I‘ve seen high car rental bills, but the one Fareeda Elqatto just got from Budget is in a class by itself.
She rented a Chevy Cobalt for four days in Akron, Ohio, and when the car broke down because of an engine problem caused by a filter leak, the car rental company asked her to buy a new engine. Elqatto hadn’t purchased car rental insurance from Budget, so in the company’s view, either she — or her car insurance company — was on the hook.
But is that fair? Elqatto says Budget is to blame for giving her a car with a mechanical defect.
“They are trying to say the filter leak was my fault, which is completely false,” she says. “I drove that car with much care and trusted that it was given to me in good condition.”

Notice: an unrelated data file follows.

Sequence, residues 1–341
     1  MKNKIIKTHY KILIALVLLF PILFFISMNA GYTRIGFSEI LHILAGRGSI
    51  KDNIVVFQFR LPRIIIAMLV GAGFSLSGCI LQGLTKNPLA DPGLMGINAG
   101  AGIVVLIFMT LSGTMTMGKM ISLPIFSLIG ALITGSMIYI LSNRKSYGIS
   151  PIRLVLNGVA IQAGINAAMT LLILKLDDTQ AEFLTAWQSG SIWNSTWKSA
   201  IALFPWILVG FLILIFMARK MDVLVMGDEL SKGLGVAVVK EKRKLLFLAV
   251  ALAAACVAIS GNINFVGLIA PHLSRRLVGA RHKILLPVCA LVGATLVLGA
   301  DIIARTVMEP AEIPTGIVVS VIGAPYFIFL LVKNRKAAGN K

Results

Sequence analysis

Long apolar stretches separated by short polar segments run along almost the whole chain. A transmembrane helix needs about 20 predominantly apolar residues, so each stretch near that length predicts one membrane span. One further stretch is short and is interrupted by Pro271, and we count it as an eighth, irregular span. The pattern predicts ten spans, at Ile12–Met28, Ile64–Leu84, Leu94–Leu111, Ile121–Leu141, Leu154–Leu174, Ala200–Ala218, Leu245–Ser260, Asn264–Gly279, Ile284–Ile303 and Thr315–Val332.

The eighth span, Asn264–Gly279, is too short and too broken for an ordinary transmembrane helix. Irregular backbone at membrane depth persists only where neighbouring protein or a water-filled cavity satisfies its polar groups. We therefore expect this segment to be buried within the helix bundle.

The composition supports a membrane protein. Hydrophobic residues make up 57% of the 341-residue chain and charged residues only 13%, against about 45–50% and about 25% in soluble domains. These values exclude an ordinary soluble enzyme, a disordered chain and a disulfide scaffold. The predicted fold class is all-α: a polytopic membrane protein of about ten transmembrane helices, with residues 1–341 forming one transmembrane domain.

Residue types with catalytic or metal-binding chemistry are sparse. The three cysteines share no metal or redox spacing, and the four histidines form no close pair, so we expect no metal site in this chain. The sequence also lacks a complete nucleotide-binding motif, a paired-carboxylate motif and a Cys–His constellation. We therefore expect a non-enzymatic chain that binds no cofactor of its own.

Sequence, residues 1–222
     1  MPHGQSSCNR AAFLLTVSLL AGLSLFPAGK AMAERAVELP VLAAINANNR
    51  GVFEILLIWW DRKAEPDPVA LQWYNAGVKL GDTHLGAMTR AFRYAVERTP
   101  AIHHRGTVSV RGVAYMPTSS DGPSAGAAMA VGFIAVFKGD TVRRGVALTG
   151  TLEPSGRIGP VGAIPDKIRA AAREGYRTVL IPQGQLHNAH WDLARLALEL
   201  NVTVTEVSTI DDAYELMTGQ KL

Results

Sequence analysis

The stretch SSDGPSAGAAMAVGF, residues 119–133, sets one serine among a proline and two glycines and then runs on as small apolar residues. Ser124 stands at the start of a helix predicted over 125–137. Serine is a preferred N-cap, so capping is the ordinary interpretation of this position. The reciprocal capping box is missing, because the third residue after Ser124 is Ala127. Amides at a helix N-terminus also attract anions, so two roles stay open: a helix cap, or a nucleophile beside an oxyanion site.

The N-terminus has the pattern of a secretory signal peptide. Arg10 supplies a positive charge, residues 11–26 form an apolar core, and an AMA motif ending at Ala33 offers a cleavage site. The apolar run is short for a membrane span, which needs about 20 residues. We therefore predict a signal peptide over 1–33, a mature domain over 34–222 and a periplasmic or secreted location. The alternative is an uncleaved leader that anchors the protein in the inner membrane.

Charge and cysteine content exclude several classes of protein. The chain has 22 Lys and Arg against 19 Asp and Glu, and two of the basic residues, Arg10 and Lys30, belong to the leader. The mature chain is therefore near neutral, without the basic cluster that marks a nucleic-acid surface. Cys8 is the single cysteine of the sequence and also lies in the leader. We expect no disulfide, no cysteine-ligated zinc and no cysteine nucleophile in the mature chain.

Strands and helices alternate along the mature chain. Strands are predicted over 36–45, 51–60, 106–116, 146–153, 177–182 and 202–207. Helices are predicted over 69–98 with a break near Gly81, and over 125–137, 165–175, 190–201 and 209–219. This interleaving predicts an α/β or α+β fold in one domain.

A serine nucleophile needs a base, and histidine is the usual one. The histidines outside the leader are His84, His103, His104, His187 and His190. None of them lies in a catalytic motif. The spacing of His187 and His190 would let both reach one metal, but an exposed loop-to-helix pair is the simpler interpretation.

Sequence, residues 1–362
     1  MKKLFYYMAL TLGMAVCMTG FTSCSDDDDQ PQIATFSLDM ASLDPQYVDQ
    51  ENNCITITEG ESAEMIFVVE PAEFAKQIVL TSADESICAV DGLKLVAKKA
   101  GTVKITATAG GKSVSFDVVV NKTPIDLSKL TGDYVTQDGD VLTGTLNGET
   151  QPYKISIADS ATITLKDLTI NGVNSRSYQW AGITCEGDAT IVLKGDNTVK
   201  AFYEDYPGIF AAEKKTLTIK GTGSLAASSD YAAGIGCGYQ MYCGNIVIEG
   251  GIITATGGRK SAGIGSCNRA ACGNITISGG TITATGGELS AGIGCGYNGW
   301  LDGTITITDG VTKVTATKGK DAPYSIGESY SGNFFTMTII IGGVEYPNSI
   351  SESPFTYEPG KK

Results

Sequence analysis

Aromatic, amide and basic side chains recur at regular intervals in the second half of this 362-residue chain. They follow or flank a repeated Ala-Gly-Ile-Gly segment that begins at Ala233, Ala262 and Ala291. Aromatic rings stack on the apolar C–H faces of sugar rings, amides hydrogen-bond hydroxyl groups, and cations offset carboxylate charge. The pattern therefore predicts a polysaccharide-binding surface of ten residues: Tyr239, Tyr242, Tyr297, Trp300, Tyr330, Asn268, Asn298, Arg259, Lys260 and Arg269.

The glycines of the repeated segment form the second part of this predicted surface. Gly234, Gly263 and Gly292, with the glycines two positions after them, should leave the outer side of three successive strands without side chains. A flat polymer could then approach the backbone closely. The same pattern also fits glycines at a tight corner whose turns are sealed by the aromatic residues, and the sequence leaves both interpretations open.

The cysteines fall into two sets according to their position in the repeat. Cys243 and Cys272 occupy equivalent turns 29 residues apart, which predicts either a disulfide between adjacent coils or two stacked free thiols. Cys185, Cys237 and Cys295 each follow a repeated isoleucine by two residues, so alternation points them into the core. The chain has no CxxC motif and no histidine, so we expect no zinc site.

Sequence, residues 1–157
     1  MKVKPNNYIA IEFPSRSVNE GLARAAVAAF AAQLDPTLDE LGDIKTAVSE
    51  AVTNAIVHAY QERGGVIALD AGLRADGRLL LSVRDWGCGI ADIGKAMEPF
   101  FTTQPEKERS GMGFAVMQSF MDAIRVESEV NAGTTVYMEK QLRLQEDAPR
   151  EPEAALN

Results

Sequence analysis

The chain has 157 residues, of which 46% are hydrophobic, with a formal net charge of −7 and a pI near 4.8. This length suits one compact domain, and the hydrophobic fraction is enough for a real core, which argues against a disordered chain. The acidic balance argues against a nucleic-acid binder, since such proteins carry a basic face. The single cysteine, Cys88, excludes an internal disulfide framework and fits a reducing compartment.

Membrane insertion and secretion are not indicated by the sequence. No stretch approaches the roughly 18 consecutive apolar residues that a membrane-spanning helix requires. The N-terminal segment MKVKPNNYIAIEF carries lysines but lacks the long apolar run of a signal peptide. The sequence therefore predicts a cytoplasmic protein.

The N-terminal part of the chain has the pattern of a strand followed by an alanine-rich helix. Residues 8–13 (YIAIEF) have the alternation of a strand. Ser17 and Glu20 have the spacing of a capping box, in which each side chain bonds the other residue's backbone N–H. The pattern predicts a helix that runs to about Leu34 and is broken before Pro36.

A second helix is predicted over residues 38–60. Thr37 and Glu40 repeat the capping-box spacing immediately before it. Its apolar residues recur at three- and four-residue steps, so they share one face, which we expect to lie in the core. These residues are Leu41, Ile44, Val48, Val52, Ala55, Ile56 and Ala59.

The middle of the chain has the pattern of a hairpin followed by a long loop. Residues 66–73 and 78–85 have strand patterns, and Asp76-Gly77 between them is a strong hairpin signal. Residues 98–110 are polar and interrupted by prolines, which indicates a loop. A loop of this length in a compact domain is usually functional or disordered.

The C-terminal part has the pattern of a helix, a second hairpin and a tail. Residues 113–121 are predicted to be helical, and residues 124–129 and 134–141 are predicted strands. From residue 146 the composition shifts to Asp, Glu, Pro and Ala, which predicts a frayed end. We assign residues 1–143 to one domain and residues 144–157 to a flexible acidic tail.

I know next to nothing about cars, which is one reason I’m asking for your help with this case. The driver had the car for only a few days before it stopped working. Can a negligent driver cause a filter leak, and should Elqatto be held responsible for what happened? Or was this a “pre-existing” condition, which Budget should cover?
The other reason I’m writing about this problem is to warn you: Car rental companies are pursuing their customers for every ding, dent, scratch — and blown-up engine. You are guilty until proven innocent. Although this may be an extreme example, you need to protect yourself when you rent a car by carrying reliable primary insurance, otherwise you could be sent a bill for eight grande.